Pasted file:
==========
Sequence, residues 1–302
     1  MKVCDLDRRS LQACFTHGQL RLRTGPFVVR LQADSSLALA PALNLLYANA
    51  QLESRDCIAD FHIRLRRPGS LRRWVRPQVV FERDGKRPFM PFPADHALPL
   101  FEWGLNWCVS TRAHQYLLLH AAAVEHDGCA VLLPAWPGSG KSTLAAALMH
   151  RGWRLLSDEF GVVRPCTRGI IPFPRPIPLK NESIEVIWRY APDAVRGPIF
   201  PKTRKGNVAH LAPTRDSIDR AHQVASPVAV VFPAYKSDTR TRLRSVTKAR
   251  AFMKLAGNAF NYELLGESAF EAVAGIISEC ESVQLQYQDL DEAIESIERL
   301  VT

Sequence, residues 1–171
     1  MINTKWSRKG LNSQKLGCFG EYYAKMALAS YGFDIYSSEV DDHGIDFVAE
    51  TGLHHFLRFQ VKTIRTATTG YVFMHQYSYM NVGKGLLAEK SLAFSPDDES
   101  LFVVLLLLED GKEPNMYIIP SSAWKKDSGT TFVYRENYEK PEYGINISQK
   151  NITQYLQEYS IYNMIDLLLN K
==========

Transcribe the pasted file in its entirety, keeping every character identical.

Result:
Sequence, residues 1–302
     1  MKVCDLDRRS LQACFTHGQL RLRTGPFVVR LQADSSLALA PALNLLYANA
    51  QLESRDCIAD FHIRLRRPGS LRRWVRPQVV FERDGKRPFM PFPADHALPL
   101  FEWGLNWCVS TRAHQYLLLH AAAVEHDGCA VLLPAWPGSG KSTLAAALMH
   151  RGWRLLSDEF GVVRPCTRGI IPFPRPIPLK NESIEVIWRY APDAVRGPIF
   201  PKTRKGNVAH LAPTRDSIDR AHQVASPVAV VFPAYKSDTR TRLRSVTKAR
   251  AFMKLAGNAF NYELLGESAF EAVAGIISEC ESVQLQYQDL DEAIESIERL
   301  VT

Sequence, residues 1–171
     1  MINTKWSRKG LNSQKLGCFG EYYAKMALAS YGFDIYSSEV DDHGIDFVAE
    51  TGLHHFLRFQ VKTIRTATTG YVFMHQYSYM NVGKGLLAEK SLAFSPDDES
   101  LFVVLLLLED GKEPNMYIIP SSAWKKDSGT TFVYRENYEK PEYGINISQK
   151  NITQYLQEYS IYNMIDLLLN K